- Master patient indexing: can you use this technology to identify a single patient across different systems and data sources, for a full picture?
- Robotic process automation: does your in-house system or vendor offer automations that will help your team recoup valuable time?
- Scalability: what volume of data can this technology accommodate, and can it adapt to sudden growth?
- Data cleansing: is there an established process for catching faulty data, and either removing it from a data set or transforming it into useful information?
4. Outcome enablement
Outcomes are one-quarter of the quadruple aim, a term coined by Thomas Bodenheimer, MD in 2014, and in any model, patients are priority #1. Tech that automates or accelerates internal processes is great, but that can’t come at the cost of improving outcomes. At its core, whatever decision an organization makes — be it internal build-out or an external vendor — needs to lead to the health of the population it serves.
- Data visualization and presentation: once the data’s aggregated, can it be displayed and sorted into visuals that help make sense of trends?
- Report distribution: does the platform surface shareable, meaningful insights that are easily accessible and consumable for stakeholders like providers and executives?
- Patient engagement: does the technology assist with outreach, via automation or otherwise?
It may seem minor if a platform delivers a radical difference in outcomes, but don’t underestimate setup — it can consume a massive amount of time and resources, and it’s essential that you know who’ll be responsible for implementation at the outset. Will it be your in-house IT team? If so, prepare for other projects to take a back seat. Will it be an external vendor? Agree on a timeline at the outset, and calibrate expectations before work gets underway.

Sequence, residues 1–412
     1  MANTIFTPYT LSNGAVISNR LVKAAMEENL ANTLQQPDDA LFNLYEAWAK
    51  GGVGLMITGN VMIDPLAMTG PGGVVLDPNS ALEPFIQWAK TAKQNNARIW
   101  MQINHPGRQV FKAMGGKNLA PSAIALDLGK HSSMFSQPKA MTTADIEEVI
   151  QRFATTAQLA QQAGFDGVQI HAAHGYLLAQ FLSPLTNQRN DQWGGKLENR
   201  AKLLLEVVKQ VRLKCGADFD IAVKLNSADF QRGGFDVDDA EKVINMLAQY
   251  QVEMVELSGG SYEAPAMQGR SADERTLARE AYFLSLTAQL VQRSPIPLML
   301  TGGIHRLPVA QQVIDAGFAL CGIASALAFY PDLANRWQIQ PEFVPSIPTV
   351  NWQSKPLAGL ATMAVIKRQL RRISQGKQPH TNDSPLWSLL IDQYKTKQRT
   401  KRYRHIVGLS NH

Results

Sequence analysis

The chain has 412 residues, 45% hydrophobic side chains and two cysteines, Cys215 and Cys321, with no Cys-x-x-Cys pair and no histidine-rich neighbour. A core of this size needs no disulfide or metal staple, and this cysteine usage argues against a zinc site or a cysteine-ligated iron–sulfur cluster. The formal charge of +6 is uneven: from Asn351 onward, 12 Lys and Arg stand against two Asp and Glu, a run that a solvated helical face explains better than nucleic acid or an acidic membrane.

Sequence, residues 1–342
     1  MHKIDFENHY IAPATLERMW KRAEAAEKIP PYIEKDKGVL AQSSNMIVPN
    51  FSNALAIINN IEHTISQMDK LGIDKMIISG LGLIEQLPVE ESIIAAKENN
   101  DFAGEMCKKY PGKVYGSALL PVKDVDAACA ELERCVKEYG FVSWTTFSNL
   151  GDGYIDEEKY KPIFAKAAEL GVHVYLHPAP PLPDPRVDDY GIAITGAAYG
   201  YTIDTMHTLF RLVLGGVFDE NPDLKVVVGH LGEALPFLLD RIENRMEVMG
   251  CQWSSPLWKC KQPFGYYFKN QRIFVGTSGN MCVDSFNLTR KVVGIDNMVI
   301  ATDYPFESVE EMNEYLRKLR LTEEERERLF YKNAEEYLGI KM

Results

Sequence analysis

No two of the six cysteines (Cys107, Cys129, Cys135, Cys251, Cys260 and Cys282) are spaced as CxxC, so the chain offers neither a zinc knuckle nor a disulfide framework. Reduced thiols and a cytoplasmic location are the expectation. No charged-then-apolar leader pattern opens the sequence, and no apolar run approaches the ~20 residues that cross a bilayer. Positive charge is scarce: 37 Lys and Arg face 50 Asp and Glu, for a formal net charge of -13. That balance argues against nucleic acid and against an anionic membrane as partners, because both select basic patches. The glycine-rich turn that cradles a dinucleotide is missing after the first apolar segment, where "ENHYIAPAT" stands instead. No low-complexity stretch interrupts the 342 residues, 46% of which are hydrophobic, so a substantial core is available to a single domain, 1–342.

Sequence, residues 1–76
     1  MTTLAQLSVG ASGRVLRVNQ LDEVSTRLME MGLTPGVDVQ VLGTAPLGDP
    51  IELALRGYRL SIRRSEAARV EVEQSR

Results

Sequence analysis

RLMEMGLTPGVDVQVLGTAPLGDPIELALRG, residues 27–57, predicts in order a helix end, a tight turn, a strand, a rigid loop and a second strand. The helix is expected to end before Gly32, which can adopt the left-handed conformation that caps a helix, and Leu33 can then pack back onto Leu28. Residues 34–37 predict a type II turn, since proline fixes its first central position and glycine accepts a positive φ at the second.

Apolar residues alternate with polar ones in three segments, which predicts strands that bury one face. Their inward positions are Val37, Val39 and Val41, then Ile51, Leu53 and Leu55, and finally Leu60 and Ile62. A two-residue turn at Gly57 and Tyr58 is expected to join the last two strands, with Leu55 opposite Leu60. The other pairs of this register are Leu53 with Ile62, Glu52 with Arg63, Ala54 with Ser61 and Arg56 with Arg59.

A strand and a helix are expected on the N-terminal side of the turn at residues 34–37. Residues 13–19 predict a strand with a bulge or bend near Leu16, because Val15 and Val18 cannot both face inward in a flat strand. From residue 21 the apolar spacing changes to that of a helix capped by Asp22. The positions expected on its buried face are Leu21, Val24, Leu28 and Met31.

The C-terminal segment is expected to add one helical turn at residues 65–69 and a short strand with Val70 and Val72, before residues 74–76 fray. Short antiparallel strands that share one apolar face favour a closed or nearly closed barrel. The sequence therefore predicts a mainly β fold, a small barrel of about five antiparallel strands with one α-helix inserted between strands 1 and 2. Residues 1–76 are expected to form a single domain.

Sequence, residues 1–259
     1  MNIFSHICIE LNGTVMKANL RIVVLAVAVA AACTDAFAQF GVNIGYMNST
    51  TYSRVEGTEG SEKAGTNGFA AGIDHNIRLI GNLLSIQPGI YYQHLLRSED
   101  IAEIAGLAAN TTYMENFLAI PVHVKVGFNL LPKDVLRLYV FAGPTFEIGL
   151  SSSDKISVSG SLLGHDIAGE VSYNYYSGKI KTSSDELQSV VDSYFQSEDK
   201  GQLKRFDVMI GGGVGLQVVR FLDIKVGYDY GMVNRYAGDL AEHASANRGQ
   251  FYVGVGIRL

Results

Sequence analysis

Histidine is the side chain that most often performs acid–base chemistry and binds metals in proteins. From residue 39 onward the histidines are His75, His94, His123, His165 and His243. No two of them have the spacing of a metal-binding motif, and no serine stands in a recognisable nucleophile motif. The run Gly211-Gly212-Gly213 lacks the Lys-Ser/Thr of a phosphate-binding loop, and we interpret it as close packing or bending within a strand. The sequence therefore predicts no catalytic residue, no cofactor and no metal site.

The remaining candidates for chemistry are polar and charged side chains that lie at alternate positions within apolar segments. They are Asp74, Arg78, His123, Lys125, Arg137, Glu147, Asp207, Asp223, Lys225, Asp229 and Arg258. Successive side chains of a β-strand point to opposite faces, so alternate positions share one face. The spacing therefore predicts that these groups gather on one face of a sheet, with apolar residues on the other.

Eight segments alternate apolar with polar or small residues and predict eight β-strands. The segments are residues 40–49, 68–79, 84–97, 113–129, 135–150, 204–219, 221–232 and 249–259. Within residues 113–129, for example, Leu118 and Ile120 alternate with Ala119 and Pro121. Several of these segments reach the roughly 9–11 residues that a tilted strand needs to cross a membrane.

- Configuration and deployment: how many resources will you need to allot to get the platform up and running?
- End-user training: who will train staff on how to use this technology, and how long will that take?
High standards for high-achieving healthcare
Healthcare networks ask a lot of a population health or healthcare data analytics platform, and rightfully so — it’s not just a bottom line in the balance, but human lives. Though minor compromises might be necessary (no technology is perfect, after all), the right solution will map to each of these discrete categories, offering functionality that’s more than just bells and whistles.
Tune in to our build vs. buy webinar to learn how Scott Samways, VP of IT at Beth Israel Lahey Health, approached this conundrum as his team pulled together a data analytics platform that met their needs.